Our Property Litigation Team is well versed in dealing with, and also challenging, the process of the right of first refusal and are able to make the process as smooth as possible. They are members of the Association of Leasehold Enfranchisement Practitioners (ALEP), who are a professional membership association of organisations experienced in the residential leasehold sector.
The Process of a Right of First Refusal
There are a number of criteria that a tenant would have to meet and as well as rules that a freeholder must consider. For more information on these considerations please read our Legal Hub article “When does the Right of First Refusal apply and what are the benefits?“. Once both the tenants and landlord are satisfied that the criteria have been met, there are a number of steps involved in the Right of First Refusal process:
Do I qualify for the Right to Manage?
There are a number of requirements which the tenants and the building must comply with to be eligible:
Section 5 Notice
A Landlord will initially serve a S.5 Notice. This notifies the tenants of the proposed disposal and gives them two months to respond. The tenants then need to take the following steps:
Initial Survey & Valuation – A survey and valuation should be carried out so that the tenants understand the condition of the building, any potential risks or issues, and the potential costs involved.
Participation Agreement – For larger buildings a contract should be entered into between the tenants so that they know what their rights and responsibilities are during the Right of First Refusal
Incorporate a company to be the Nominee Purchaser – You cannot register more than four people as the legal owner of a property. A company is usually incorporated to act as the entity purchasing the freehold. A company enables ownership of the freehold to remain constant whilst membership of the company changes with the ownership of the flats.
Section 6 Notice
The Tenants then respond by serving a S.6 Notice. This notice accepts the proposed terms contained in the S.5 Notice.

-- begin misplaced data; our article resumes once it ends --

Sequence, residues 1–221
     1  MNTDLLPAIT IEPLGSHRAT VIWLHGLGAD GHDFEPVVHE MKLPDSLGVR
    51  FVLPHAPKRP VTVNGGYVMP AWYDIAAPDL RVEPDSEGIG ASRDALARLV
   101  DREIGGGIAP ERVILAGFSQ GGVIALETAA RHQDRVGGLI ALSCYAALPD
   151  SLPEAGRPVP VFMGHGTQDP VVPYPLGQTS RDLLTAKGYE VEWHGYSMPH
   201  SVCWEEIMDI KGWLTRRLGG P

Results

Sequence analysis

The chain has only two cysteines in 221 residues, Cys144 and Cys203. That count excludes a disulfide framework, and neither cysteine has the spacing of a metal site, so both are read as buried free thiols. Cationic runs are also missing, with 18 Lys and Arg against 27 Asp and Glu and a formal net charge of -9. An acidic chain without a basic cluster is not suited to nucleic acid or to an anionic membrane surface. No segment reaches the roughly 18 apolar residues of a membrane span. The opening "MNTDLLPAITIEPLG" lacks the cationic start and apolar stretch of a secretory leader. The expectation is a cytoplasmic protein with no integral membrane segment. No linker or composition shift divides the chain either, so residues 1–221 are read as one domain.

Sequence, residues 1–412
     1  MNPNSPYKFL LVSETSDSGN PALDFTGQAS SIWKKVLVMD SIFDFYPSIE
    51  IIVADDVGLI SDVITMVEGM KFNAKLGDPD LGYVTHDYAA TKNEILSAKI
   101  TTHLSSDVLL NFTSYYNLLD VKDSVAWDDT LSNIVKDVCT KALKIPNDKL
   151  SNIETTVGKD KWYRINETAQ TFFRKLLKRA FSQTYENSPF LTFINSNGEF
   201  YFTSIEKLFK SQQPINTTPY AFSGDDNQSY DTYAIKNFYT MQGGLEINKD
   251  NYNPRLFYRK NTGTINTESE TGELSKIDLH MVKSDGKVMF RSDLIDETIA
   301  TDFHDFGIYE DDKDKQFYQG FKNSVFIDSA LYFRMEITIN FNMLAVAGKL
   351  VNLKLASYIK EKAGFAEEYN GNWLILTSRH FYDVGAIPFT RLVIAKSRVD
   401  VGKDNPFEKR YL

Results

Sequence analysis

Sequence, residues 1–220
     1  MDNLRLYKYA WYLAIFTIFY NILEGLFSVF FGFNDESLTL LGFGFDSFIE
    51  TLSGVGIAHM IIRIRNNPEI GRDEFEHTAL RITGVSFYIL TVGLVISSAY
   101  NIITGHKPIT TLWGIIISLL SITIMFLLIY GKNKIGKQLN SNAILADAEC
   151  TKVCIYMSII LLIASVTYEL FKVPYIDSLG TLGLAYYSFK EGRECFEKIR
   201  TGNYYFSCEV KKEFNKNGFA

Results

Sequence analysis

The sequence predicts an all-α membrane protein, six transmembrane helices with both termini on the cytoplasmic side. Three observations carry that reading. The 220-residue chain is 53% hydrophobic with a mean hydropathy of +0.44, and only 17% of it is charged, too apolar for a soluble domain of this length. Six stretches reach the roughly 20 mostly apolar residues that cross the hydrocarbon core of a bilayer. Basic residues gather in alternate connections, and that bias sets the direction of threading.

If the disposal is a sale on the open market:
The Nominee Purchasermust be sent a copy of the contract within one months of the S.6 Notice;
The Nominee Purchaserhas two months to sign and return the contract and pay the deposit; and
The landlord has 7 days from receipt of the signed contract to exchange.
If the disposal is by auction:
The Nominee Purchaser must notify the Landlord they wish to proceed at least 28 days before the date of the auction;
The Nominee Purchasermust be sent a copy of the contract within 7 days of the auction;
The Nominee Purchaserhas 28 days from receiving the contract to accept the terms of the contract and fulfil any conditions required on exchange (e.g. pay a deposit); and
The Nominee Purchaserhas 28 days from receiving the contract to complete.
The cost to respond to the Right of First Refusal
Once the S.5 Notice is accepted the tenants become liable for the landlord’s reasonable surveyor costs and reasonable legal costs and other costs specified in the S.5 Notice.
The tenants will have to pay the value of the freehold to the landlord.
How can Pinney Talfourd help?
Pinney Talfourd have experienced and professional solicitors who regularly deal with the right of first refusal process and challenging right of first refusal claims.
We have a strong working knowledge of the LTA 1987 framework and the conveyancing process to ensure a smooth process from service of notices to registration.
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